Tips, strategies and outlook from the Top Producer Summer Seminar.
After the stress of planting, a break from the farm was well-deserved for producers who attended the Top Producer Summer Seminar. More than 130 attendees gathered in Bettendorf, Iowa, to hear market outlook, policy update and land value discussions and to attend breakout sessions on business management.
Thank you to our Top Producer Summer Seminar sponsors: Agrotain, Bayer CropScience, Genuity,
John Deere, Kennedy and Coe, Michelin, SFP, Top Third Ag Marketing and Water Street Solutions.
News from Washington
Expect political skirmishes ahead because of funding issues, said Roger Bernard, policy analyst with Informa Economics. Cuts are already impacting agriculture. The National Agricultural Statistics Service has reduced the number of reports it puts out, and county offices are not doing farm visits but rather interacting more by e-mail and phone.
The next farm bill—whenever it is written—will undoubtedly contain budget cuts. The 2008 farm bill’s 37 unfunded programs are all vulnerable because no baseline was established. With current farm prices, many in Congress say that agriculture spending should be able to be trimmed.
Congress says it will direct the Environmental Protection Agency (EPA) to make sure its regulations are based on sound science and have been through a cost/benefit analysis. One way to limit EPA’s reach might be through the appropriations process. For example, the House Appropriations Committee barred funding the controversial Grain Inspection, Packers and Stockyards Administration (GIPSA) bill.
Bubble Effect Unlikely
Producers have great opportunities—and greater risks—in today’s marketplace. "It’s not a surprise anymore to see limit moves [on crop prices]," said Nick Paulson, University of Illinois ag economist. Corn production costs have surged with prices, and all inputs are increasing, he said.
Some think agriculture is in a bubble and could crash. "I lean toward the anti-bubble view," he said.
In Illinois, land rents are a concern. Yet during the past two decades, rents did not increase as rapidly as land values. With land valued at $9,000 to $10,000 per acre, rents of $350—or just 3.5% of values—don’t seem so ridiculous, he said. "Even if we see a decline in commodity prices, cash rents will increase before they level off." Land rental arrangements are shifting more of the risk to the operator, he added. "There are stories in Illinois of $500 per acre cash rents."
One need Paulson sees for producers is for more working capital and/or large operating lines of credit. Overall, he is cautiously optimistic: "We have fallen on very good times," he said.
Weather Markets Will Reign
With such a small carryover on corn, growers should expect wild weather markets in both directions this summer. Traders will be buying and selling on the 10-day-or-longer forecast, but it can’t possibly be accurate that far out, said Gregg Hunt of Archer Financial Services.
"Weather will cause huge runups or rundowns," he said in a panel discussion on the grain market. "The grain market will come up and down like never before."
One factor producers need to be aware of is that there are a lot of standing orders for corn at $7 per bushel.
For an average yield of 162 bu. per acre, the crop is going to need cool nights in the Midwest. Mark Gold, managing partner of Top Third Ag Marketing, said that "if summer is hot and dry, prices will blow the socks off people." With current prices so strong, he said, it’s important not only to look at pricing the 2011 crop, but to be looking at 2012 and even 2013 as well.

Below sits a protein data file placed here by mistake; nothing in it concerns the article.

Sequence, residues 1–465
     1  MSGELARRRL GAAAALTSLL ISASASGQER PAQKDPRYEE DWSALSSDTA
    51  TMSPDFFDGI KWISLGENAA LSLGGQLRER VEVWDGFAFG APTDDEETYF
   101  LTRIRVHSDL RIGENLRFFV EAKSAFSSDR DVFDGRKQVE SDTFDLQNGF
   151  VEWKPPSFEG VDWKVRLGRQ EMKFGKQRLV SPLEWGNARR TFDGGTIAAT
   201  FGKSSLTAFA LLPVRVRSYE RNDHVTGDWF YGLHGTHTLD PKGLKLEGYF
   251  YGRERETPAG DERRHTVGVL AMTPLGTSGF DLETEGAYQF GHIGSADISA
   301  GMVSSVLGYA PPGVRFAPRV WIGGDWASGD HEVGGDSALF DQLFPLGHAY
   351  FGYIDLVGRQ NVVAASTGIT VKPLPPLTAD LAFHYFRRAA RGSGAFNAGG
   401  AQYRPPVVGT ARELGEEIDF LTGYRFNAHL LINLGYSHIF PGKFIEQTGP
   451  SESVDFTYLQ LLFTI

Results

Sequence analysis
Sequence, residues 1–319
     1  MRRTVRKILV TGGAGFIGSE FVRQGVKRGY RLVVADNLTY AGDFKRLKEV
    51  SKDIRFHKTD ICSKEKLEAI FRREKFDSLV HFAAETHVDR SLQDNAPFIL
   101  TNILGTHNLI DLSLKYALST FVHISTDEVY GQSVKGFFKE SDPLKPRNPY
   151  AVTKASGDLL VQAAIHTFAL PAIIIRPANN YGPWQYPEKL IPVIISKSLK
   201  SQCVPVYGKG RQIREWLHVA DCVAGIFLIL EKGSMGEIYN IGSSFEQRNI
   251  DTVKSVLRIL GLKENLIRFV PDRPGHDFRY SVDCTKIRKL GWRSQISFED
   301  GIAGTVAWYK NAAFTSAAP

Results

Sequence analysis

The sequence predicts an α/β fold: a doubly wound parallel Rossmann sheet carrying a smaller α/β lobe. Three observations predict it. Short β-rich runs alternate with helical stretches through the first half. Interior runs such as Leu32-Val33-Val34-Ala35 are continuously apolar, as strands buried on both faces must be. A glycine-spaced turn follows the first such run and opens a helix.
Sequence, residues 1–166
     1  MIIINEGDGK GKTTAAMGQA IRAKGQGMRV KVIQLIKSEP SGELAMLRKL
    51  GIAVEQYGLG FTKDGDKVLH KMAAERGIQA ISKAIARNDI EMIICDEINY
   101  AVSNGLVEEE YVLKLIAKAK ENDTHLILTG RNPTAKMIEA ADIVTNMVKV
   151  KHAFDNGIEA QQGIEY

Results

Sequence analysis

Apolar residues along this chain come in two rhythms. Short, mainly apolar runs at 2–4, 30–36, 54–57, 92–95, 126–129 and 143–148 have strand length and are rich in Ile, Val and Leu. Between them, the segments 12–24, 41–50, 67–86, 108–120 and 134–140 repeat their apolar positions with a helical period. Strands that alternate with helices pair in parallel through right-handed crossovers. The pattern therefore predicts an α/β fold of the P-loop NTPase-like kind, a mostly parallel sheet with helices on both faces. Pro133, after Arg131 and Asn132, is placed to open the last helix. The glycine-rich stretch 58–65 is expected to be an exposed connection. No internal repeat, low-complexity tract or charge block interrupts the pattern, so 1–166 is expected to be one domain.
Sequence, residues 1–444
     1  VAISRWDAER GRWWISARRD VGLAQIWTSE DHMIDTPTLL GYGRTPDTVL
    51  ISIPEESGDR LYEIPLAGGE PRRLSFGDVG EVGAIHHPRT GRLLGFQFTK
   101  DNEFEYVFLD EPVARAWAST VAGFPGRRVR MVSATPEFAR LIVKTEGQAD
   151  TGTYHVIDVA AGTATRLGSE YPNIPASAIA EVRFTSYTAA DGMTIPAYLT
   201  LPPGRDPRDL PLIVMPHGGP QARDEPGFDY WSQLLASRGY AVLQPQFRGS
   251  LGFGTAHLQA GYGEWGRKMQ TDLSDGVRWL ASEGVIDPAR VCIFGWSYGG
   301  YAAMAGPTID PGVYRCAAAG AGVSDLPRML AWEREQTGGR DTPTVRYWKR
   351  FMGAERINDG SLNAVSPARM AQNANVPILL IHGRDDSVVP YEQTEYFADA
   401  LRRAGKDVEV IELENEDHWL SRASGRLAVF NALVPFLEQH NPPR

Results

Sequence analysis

On demand, Bill Biedermann of Allendale Inc. remains bullish. One reason why is China. "They have to build stocks," he said.
Watch for Ag Law Pitfalls
The hot buttons for agricultural law right now involve environmental regulations. As a result, it’s important for producers to be proactive to avoid costly legal problems, said Kristina Tridico, an attorney with Ice Miller LLP, Indianapolis, Ind.
Some of those topics include runoff, discharge points, surface water contamination and toxic pollution, which includes anhydrous ammonia, she said. Producers also could become embroiled in air pollution battles. In animal agriculture, large operations should have permits and producers should make sure they follow permit requirements. In one recent case, a large animal feeding operation in Texas was assessed a $1.9 million penalty for contaminating surface and groundwater, Tridico said.
It’s important for producers to not only be aware of rules, including zoning regulations, but to proactively meet with regulators and invite them to farms to show that what they are doing is environmentally friendly. "Develop a personal relationship with regulators," Tridico advised.
Take Advantage of New Marketing
Producers have a variety of marketing options, some of them new, to protect price floors. One of these is short-term dated options, said Steve Johnson, Iowa State University farm management specialist.
Another is that many elevators and co-ops, while averse to offering forward contracts due to concern about margin calls, will offer them to producers who forward buy fertilizer.
Additional tools are minimum price contracts, put options and over-the-counter options. "I’m a proponent of selling incrementally," Johnson said. "If you don’t have 2011 sales on, I’m guessing you don’t need the money."
Johnson said producers should have $300 to $400 per acre in cash to pay for increasing expenses, adding that now is not the time to be paying with lines of credit, even though interest rates are low. He advised producers to look at tax planning early and that this might be the year to make necessary purchases.